Now, admittedly, that sort of statement could apply to pretty much any musical act, but it's particularly apt in Sloan's case. You have four different songwriters, their individual talents proven by records on which each band member's work seems particularly distanced from one another. (Last year's Commonwealth is the most extreme of these, as it divides Jay Ferguson, Chris Murphy, Patrick Pentland and Andrew Scott's contributions onto four separate sides of a double record.)
And yet Sloan is the banner under which they continue to record and tour. There are plenty of good creative reasons to do this, I'm sure — but also very good business reasons. Sloan is a proven brand, able to draw crowds across the country (including last night's sold-out show at the Marquee Club) and bringing with it maybe the best back catalogue of any active Canadian artist, period.
All of which is to say that the band's Halifax stop on the band's East Coast Commonwealth tour came across as supremely professional. That's not always a word one would have associated with Sloan — they were once a rather spotty live band, to be honest — but it's an apt descriptor for the band in 2015. Despite their local origins, there was little to suggest that last night was anything other than another day at the job, with a setlist largely similar to what the band has been touring since the fall. (Murphy did note, in one of the few moments of stage banter, that "It's really important for us to kick ass in Halifax," and the encore threw in the requisite "Marquee and the Moon," given the locale.)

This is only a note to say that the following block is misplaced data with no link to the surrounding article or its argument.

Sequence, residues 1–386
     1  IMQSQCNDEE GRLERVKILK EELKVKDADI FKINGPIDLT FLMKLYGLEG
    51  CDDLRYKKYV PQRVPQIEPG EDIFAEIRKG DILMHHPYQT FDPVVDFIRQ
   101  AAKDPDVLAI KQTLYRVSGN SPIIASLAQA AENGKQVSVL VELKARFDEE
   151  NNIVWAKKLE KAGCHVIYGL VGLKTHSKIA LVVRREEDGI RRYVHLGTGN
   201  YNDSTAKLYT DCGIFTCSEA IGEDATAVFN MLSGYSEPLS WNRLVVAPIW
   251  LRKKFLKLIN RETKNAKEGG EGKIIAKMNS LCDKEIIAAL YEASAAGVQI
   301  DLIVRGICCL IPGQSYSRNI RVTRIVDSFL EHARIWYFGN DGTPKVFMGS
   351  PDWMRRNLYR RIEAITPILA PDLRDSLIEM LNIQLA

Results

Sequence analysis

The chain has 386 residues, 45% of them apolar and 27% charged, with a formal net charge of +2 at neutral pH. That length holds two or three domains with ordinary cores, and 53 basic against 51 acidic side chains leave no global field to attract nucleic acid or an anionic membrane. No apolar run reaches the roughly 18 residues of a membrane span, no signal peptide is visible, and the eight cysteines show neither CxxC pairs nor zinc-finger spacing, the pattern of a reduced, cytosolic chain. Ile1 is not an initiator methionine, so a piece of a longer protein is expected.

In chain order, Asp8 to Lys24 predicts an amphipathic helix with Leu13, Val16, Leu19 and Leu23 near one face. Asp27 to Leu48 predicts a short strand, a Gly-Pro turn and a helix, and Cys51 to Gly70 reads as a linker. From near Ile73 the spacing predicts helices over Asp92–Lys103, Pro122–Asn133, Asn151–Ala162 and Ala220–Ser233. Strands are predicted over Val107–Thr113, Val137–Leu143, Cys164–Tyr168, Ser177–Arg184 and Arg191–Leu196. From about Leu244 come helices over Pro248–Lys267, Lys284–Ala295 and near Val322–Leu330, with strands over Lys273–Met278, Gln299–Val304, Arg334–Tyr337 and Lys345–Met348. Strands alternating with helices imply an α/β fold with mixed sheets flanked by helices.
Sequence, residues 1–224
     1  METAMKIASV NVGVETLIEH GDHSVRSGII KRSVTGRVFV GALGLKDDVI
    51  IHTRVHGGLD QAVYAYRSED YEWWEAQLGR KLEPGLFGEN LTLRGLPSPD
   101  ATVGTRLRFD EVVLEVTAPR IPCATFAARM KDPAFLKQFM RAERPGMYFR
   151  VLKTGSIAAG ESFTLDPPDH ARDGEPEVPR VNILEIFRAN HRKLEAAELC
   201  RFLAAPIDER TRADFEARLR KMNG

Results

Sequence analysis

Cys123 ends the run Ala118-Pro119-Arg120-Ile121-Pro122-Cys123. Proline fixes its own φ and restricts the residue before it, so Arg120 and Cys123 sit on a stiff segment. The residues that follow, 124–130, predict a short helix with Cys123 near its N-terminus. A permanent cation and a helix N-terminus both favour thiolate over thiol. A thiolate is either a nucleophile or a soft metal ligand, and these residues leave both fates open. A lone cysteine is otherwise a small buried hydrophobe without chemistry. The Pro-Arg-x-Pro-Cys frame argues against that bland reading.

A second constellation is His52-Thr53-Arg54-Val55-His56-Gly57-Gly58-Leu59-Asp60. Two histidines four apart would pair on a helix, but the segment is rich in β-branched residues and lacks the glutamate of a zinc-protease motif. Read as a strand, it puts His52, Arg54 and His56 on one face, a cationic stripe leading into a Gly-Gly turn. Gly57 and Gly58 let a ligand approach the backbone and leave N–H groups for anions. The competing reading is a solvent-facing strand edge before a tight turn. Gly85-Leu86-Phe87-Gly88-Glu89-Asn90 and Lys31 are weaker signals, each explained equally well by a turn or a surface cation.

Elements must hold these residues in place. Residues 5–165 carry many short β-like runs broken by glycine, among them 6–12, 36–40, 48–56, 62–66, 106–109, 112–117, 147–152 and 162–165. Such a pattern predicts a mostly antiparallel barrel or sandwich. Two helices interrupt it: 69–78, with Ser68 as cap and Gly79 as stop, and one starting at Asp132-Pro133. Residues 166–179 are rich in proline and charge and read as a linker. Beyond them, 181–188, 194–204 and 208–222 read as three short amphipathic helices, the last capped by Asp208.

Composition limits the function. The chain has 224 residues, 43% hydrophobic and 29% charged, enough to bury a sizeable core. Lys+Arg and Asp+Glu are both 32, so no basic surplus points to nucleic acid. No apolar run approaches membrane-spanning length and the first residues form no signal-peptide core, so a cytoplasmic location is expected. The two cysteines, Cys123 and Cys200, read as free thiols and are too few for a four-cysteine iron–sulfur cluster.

That's only a problem, though, if Sloan were the type of band to slack off on the job. But Sloan 2015 just keeps the hooks coming, one rock-solid song after another. The show's first of two sets focused heavily on Commonwealth material, structured the same way: mini-sets from each songwriter, mixing new material with select old favourites. (The exception was Scott, whose 18-minute, multi-part Commonwealth contribution "Forty-Eight Portraits" opened the show.) I'm biased towards Ferguson's material generally, so he earns my "Employee of the Night" award, but an honourable mention to Pentland: I don't always share his love for riff rock, but I'll be damned if it doesn't go over well in a live setting.
Those expecting the band's second set to be heavy on the hits might have come away slightly disappointed: only "If It Feels Good Do It" and "The Other Man" warranted the "h" word, much as I wish "Who Taught You To Live Like That?" had been a huge single.
But the night was a showcase for the aforementioned depth of the band's catalogue. The band trotted out gems like "I Am The Cancer" and "C'mon C'mon" and, as is always the case, Scott's time at the front of the stage away from the drums touched on some compelling, often forgotten corners of the band's discography. (My favourite last night was "Blackout.") Ending the main set with Action Pact's "Reach Out" was an unorthodox but effective choice; ending the night proper with "Money City Maniacs" was a given, but still as satisfying as it ever was.
Conspicuously absent from the setlist: anything from One Chord to Another, arguably the band's best record. I found this quite strange — that is, until a quick flip of the calendar pointed out that particular album is turning 20 next year. Would Sloan be the sort of band to hold back playing those songs in anticipation of an anniversary reissue and tour? Sure they would be: that's just smart business.